What is an artificial flavouring?

What is an artificial flavour?

If you wanted to make a strawberry milkshake at home, you’d pour some milk into a blender, add some strawberries and a chunk of ice cream and whizz it all up until it was frothy.
But if you were a food manufacturer, you might try to find the cheapest way to make a milkshake. Strawberries are quite expensive, so the simplest way to cut costs would be to cut back on the strawberries and use a cheaper artificial flavouring instead.

Here’s a list of chemicals that go into making a typical artificial strawberry flavouring – the sort you might find in a strawberry flavour milkshake or strawberry flavour dessert. It goes like this:

myl acetate, amyl butyrate, amyl valerate, anethol, anisyl formate, benzyl acetate, benzyl isobutyrate, butyric acid, cinnamyl isobutyrate, cinnamyl valerate, cognac essential oil, diacetyl, dipropyl ketone, ethyl butyrate, ethyl cinnamate, ethyl heptanoate, ethyl heptylate, ethyl lactate, ethyl methylphenylglycidate, ethyl nitrate, ethyl propionate, ethyl valerate, heliotropin, hydroxyphrenyl- 2-butanone (10% solution in alcohol), ionone, isobutyl anthranilate, isobutyl butyrate, lemon essential oil, maltol, 4-methylacetophenone, methyl anthranilate, methyl benzoate, methyl cinnamate, methyl heptine carbonate, methyl naphthyl ketone, methyl salicylate, mint essential oil, neroli essential oil, nerolin, neryl isobutyrate, orris butter, phenethyl alcohol, rose, rum ether, undecalactone, vanillin and solvent.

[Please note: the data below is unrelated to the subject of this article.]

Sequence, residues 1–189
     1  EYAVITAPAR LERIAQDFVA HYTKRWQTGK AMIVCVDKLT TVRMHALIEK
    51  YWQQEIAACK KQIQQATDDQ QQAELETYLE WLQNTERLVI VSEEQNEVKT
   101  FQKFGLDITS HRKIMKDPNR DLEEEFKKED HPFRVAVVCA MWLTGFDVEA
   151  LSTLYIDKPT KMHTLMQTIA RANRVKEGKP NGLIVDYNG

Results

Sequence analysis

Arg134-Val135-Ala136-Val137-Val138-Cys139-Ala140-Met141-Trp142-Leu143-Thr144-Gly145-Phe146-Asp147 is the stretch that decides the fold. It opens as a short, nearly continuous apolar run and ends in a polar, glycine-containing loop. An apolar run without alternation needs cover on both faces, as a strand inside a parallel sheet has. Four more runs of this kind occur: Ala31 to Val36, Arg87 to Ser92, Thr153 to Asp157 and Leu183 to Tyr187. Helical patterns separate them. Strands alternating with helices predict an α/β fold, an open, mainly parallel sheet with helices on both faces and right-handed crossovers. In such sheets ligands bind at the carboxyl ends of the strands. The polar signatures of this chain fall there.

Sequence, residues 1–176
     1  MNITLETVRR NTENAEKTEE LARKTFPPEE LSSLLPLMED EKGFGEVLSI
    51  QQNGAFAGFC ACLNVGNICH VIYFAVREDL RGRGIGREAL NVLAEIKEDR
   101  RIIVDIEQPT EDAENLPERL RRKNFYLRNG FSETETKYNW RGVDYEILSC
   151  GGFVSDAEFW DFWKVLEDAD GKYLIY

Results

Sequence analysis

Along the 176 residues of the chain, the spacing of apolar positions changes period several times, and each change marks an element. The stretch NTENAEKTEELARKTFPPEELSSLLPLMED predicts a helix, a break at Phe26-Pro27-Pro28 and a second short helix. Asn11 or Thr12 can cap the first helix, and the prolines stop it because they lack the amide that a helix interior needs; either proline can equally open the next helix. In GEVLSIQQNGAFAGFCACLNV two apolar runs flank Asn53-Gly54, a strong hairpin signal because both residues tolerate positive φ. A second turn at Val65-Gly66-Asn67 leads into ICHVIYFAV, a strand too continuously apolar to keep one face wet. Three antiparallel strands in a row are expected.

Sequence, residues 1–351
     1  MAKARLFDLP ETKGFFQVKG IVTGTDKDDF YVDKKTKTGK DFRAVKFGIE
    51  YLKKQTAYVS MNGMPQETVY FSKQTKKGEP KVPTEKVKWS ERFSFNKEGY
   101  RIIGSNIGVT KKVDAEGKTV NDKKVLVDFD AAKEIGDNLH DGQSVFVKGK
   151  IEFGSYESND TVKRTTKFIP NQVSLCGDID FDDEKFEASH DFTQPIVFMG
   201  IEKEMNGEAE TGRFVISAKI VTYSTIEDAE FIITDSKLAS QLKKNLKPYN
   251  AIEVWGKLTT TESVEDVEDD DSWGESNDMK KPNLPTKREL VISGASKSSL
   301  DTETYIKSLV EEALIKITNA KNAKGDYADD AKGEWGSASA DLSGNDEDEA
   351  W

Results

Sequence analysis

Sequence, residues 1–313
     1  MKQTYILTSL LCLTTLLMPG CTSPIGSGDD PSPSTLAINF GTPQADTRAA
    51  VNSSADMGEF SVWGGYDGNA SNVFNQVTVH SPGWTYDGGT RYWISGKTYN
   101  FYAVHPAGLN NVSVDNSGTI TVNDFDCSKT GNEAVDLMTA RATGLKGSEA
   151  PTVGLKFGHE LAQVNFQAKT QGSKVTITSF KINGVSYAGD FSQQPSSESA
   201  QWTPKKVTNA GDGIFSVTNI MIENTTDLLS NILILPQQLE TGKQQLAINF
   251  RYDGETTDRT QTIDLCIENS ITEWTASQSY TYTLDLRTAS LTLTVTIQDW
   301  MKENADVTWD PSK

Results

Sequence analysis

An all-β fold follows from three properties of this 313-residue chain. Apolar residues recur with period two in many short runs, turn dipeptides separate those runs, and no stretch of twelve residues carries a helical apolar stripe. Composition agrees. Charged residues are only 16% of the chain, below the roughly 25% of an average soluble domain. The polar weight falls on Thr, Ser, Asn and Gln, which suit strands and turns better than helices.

Artificial flavourings are cheap, so can cut the cost of food, but don’t have the nutritional goodness of real ingredients like meat, fruit and vegetables.
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